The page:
BROOMFIELD — If the perception of success was changed for one or two kids, the past two days was completely worth the effort for athletic trainer Tim Naiman and his nonprofit Dreams Never Alter Sports Foundation.

The Hometown Heroes camp held at Holy Family High School on Tuesday and Wednesday was for all intents and purposes a starting point for DNA, whose goals are to help kids in the 8- to 14-year-old range form a pathway to athletic achievement that may include opportunities in college and the professional ranks.

In order to hone in on that and give kids an up close and personal experience, Naiman — a former college football player and wrestler himself who once suited up for Niwot — brought along a lot of local high school and college athletes to work with about 35 kids in football position drills and physical training.

Also in the mix on Wednesday, taking the time to give pointers to individual kids working on some defensive drills, was one of Naiman's personal clients — Denver Broncos defensive lineman and Super Bowl champion Vance Walker.

"We want to reach out to kids and show them there are athletes at every level who are in it for the right reasons and are doing the right things," said Naiman, who works out of Impact Sports Performance in Superior. "I'm blessed to be around some great kids and appreciative that they are willing to give back. The progression of DNA and what we want to accomplish, this could not have gone any better."


At 6-foot-2 and 305 pounds, Walker stood out beyond just being a professional athlete but at the same time fit right in with what Naiman was trying to get across. Having played his way into a big time role at Georgia Tech, Walker was the 210th player taken in the 2009 NFL Draft and has since played in over 100 games over eight seasons.

Walker said he didn't have a lot of the same opportunities to get a step up on the competition when he was young, and Naiman's vision is clearly community-based.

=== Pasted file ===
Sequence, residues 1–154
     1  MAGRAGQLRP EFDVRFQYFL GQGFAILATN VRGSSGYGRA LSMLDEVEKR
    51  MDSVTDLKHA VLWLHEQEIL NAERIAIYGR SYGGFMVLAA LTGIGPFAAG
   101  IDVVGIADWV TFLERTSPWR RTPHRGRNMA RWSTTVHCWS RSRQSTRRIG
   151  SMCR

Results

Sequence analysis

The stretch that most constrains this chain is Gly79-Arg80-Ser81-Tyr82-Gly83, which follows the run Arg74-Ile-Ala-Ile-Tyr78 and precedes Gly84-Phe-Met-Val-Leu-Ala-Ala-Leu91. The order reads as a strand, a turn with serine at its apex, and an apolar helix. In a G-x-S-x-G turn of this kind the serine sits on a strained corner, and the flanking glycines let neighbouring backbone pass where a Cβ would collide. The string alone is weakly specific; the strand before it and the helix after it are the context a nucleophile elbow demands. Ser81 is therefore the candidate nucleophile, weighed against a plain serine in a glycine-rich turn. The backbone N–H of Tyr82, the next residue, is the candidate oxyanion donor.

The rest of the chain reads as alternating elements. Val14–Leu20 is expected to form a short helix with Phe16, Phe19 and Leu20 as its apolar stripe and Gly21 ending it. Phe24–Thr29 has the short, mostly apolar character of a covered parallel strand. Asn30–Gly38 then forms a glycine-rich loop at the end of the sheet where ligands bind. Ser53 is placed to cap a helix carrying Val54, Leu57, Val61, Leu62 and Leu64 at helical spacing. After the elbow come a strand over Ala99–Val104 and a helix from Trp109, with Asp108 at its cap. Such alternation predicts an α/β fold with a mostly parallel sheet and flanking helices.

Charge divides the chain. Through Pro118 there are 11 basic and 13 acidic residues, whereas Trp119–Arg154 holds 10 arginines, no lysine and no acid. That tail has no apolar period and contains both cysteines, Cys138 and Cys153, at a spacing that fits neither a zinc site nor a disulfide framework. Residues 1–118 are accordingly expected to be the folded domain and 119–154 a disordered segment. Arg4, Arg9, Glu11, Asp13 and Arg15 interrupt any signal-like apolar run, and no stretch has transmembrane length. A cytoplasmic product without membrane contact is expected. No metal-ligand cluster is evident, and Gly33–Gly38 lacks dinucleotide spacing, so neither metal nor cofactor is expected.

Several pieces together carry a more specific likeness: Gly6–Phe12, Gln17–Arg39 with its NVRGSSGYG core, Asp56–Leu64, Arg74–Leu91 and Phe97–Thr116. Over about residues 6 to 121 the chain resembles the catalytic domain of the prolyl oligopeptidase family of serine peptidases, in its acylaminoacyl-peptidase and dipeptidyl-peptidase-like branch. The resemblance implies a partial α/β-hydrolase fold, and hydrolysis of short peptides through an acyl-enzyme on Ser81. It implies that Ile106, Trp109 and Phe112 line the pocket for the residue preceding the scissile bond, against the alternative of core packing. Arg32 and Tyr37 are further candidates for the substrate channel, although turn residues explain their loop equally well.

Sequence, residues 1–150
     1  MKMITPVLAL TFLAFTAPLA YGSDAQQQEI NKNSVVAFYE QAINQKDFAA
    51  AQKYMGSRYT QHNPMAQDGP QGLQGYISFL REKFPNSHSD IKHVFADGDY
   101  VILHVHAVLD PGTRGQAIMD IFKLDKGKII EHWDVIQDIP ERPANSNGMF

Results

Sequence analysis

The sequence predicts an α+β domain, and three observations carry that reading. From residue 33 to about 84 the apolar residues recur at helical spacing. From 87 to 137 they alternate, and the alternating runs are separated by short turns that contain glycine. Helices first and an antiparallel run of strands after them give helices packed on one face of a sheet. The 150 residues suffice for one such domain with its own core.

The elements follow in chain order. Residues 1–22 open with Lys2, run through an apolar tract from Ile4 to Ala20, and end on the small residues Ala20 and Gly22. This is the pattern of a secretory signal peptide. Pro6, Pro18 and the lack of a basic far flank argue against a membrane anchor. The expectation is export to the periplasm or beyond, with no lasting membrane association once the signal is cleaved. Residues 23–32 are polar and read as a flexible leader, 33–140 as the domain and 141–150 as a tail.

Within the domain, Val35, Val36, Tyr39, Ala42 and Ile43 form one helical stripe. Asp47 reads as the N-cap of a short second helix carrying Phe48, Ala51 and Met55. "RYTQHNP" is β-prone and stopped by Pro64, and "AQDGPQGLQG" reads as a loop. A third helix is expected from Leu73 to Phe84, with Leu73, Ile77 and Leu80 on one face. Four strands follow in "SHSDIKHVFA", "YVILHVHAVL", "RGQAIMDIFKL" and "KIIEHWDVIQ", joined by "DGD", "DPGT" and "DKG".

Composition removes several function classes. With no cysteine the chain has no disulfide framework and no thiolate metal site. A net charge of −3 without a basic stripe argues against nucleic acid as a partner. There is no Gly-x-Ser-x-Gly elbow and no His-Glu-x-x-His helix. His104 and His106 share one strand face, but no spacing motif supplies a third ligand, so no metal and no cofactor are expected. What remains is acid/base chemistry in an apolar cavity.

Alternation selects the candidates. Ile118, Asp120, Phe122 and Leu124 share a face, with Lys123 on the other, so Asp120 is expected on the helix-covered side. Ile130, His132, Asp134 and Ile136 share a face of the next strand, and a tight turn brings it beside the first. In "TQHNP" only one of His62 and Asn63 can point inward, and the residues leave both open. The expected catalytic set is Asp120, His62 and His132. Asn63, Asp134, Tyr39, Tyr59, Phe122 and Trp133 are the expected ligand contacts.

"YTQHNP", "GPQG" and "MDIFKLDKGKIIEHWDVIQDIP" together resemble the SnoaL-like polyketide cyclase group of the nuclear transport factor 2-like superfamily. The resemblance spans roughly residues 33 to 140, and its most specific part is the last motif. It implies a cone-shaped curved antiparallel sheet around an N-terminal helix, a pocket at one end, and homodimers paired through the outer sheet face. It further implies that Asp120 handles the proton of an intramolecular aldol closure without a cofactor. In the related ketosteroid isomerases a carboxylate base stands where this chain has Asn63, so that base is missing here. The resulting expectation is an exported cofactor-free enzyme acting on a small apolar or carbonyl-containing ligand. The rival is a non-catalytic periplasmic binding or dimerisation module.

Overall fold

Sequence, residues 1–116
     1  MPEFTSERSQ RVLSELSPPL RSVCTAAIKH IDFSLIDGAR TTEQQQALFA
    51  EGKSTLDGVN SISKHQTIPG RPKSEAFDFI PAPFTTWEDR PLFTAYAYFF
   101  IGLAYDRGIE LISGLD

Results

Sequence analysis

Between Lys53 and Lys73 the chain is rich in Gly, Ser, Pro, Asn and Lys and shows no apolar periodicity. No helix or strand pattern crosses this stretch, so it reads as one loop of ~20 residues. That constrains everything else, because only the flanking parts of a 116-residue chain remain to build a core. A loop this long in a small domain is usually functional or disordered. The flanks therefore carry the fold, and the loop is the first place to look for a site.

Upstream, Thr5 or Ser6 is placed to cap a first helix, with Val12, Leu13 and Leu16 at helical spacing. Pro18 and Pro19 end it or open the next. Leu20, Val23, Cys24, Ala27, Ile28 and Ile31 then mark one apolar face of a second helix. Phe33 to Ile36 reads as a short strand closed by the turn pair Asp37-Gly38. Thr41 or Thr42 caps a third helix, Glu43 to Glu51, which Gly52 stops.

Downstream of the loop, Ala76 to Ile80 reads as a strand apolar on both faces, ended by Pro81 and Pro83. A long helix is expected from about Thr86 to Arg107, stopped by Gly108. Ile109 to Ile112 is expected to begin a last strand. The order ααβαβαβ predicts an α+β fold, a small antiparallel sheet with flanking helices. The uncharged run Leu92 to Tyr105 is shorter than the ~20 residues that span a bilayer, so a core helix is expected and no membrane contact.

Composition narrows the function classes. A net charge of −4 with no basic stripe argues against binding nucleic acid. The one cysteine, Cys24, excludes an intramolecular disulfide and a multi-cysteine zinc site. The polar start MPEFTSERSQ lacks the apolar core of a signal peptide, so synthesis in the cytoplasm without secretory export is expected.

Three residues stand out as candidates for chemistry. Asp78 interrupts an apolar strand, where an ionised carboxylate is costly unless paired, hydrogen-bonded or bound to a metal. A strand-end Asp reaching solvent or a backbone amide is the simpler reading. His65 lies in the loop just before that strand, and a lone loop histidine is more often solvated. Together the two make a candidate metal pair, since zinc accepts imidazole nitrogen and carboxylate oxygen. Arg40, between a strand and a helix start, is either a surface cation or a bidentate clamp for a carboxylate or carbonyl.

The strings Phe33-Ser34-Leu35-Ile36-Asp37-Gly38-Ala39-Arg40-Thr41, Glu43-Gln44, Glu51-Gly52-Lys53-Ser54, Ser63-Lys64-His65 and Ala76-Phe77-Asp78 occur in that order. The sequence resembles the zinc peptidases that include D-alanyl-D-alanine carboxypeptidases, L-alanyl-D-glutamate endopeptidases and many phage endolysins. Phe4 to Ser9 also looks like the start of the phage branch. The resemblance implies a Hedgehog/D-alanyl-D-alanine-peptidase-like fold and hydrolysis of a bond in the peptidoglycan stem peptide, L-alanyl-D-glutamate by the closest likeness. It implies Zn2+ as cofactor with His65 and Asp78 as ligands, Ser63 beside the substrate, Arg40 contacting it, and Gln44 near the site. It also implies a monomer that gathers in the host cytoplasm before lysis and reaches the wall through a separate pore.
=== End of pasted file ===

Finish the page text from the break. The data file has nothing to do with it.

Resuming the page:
"Just from watching him on a day-to-day basis, working with younger guys or even out and about, you can tell he's just passionate about giving these kids in the community opportunity," Walker said after taking a few minutes to sign autographs for the participants. "It's always good to have guys that care and that have been there to sort of show kids the way."

Indeed, Naiman's goals for DNA include taking over the North Denver suburbs as well as Boulder County in terms of supporting athletes in whatever way he can. That may include training, scholarships or even just sporting equipment — and that is what the fees from the Hometown Heroes camp will help get started.

To do that, he turned to his clients who grew up in the area. Among those leading the camp were: Dan Perse (Broomfield grad), Cooper Gardner (Broomfield), Derek Coleman (Legacy), Ty Leonard (Broomfield), Connor Spencer (Fairview) and Chance Segeth (Holy Family). All of those are currently or have played college ball, some at the highest level.

Some current high school players from Holy Family, including Michael Zeman, also pitched in.

"We want these kids, as they develop up through high school and on into college, to return to their hometown and at that point reflect on their growth and give back to a new generation of kids," Naiman said.

"From what I saw, the kids had a lot of fun both days and kept active in the drills," Zeman added. "They really just wanted to keep going and going."

While football players were leading some drills, Brian Finn of USA Rugby also instructed on rugby tackling techniques that are said to be much safer. Play with Heart also provided cardiac screenings to the athletes.

The Hometown Heroes camps will branch out to different sports in the future, but Naiman plans on hosting a hockey camp at the Promenade Ice Center in Westminster from July 22-24 — with many of the same goals in place.

More information on the DNA Sports Foundation can be found at

Adam Dunivan: or